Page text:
Monday, August 8, 2011

Provide Solutions

Lately, more and more people are struggling to make ends meet.

As a culture we could keep focusing on the problems or we could actually look to others to provide suggestions and solutions to help people get through the toughest times.

I am sure that there are people in this country who take advantage of the welfare system or live well outside their means and spend their money on “wants” vs. “needs”. I do not want to talk about those people. I want to talk about the people that are seriously doing the best that they can to make ends meet and they still struggle.

I do not want to hear about the price of milk anymore. Yes, it is expensive but everything has gone up in price. Last year people were focused on the price of cheese. We do not have children, but we still buy 2 x bottles of Dairy Dale milk for $6 from our local dairy. We keep one for home and I take one to work.

There are some amazing people out there that have made HUGE lifestyle changes to try and get ahead and lessen the struggle:
  • Hannah and her family moved to a smaller city; they have a vegetable garden etc.
  • Liz can feed her family of 5-6 on about $150 per week through good budgeting and a lot of home-cooked meals and baked goodies. Here is a link to her blog
  • Jane takes out the exact amount of money in cash for her weekly groceries and does not spend more than that
  • Make your own cleaning products (Wendyl’s Green Goddess website can be found here)
  • Carla who pulled money out of her “ass” last week by looking around for things in her home to sell
  • What about talking to your friends or neighbours and buying bulk vegetables i.e. 10kg of potatoes and splitting them up?
Somewhere along the line I think that some people have lost the skill of cooking and baking and even having a simple vegetable garden. A vegetable garden does not need to be expensive you could even grow things in a couple of old pots.

I absolutely love the philosophy of Sophie Grey (Destitute Gourmet) who makes amazing, nutritious meals on a budget. Her circumstances changed and as a family they had to make changes to their life.

Seriously, someone (I’m looking at you Close Up, Campbell Live, Breakfast) needs to get Sophie Grey on instead of continually talking about the problems.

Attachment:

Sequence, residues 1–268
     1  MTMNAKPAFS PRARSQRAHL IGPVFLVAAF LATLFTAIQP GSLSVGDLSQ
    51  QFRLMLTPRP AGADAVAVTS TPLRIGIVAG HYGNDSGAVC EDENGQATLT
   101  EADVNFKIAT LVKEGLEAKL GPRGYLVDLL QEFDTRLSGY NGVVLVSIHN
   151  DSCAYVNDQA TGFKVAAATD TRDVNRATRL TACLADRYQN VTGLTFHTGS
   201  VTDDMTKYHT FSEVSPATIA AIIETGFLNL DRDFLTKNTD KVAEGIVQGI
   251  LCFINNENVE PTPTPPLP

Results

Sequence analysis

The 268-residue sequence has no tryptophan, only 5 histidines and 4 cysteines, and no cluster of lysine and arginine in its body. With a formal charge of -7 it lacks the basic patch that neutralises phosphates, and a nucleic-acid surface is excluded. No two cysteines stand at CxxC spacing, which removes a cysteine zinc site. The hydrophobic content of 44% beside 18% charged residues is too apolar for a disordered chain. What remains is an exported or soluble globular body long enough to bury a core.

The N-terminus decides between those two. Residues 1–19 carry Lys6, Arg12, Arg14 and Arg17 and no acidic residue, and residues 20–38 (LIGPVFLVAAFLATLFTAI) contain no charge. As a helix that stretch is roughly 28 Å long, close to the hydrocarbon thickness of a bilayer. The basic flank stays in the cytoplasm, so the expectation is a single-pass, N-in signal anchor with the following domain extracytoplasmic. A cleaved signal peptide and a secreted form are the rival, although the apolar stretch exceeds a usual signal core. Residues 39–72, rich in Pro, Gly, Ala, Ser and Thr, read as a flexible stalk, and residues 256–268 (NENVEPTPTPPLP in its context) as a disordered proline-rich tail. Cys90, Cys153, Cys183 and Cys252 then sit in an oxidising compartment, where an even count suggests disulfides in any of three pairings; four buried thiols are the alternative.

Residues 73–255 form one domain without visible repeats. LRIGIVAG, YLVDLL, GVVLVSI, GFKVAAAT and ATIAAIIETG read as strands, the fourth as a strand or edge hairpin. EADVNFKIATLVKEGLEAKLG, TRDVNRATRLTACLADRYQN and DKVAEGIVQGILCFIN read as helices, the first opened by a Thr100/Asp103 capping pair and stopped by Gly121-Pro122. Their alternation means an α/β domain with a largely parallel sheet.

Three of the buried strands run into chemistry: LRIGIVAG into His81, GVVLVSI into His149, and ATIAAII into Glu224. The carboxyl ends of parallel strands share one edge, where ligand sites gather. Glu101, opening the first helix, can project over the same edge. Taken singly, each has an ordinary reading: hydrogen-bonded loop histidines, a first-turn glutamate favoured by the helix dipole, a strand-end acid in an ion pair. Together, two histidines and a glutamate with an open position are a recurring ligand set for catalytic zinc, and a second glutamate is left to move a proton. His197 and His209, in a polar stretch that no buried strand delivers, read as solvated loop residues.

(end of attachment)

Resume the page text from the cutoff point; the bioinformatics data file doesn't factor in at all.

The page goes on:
So what are your ideas for saving money and getting through the tough times?


  1. Thanks for the mention! It is hard times, even for us here.
    Recently i started using house scraps to make compost, including my lawn clippings. In 2 months I have filled my first garden (2mx1m) and now have my own vegetables growing. Raised garden is made from old Pallets thrown away, just took a weekend work.

    I have also sold $1000 worth of stuff to cover costs of emergency car work.

    As far as the food budget, thats going down for us, i started making things from scratch more. Takes a bit of time but its not needed often.
    Creamy - exactly like Best Foods one takes 2 egg yolks and 1 1/2 cups of oil, 1T mustard - cheap!
    Pasta: 100gm high grade flour+1 egg feeds 2!

    Its also way nicer!

  2. I use the same method for groceries as Jane, I take out a certain amount of cash every week and stick to that for groceries. When I take out the cash I also get a ministatement, so I know the incomings and outgoings of my checking account every week.

    I shop at various supermarkets, not just one, so I get better deals. And I don’t go for brand names on essentials like bread, milk and margarine. Effectively they’re all made by the same companies and you’re just paying for ‘pretty’ packaging. Also look at other products like Neurofen; the exact same product (ibuprofen) can be bought at a third of the price as a homebrand.

    Other money saving tips:
    - Don’t buy anything, unless you can pay for it in cash.

    - Make sure you really need a product; why impress friends with a 42 inch plasma when the rest of your house looks like crap?

    - When buying appliances etc, do research and bargain with the shop. You can easily get a few hundred dollars off a big purchase when you know what you should be paying.

    - Make lunch and/or dinner and take it to work, rather than buy meals every day

    - Park the car outside of pay and display zones and walk to work. The added benefit is getting a good 10 to 20 minute briskwalk in twice a day. This saves on gym memberships.

    - Switch off all appliances at the wall when not in use. Microwave clocks, Stand by modes; they still suck power.

    - Invest in a frontloader washing machine. Yes, initiall they are more expensive but in the long run toploaders will use more water, energy and they are very hard on your clothes.

    - Don’t use a clothes dryer or dishwasher. But if you must, invest in a decent one that has good energy consumption.

    - Every time you fill the car with petrol, make sure the tyres are at the correct pressure. Tyres that aren’t inflated properly decrease the fuel economy. As does excess weight from stuff you leave in the car.

    - Set up a weekly automatic payment to an online savings account like Rabodirect. These accounts have no Eftpos cards, but higher interest rates than regular accounts. You’ll be surprised how quickly your savings grow when you don’t have to think about it.

    There are quite a few more ways to save money and several have already been mentioned. The above are all methods I personally use to be able to live a relatively comfortable life.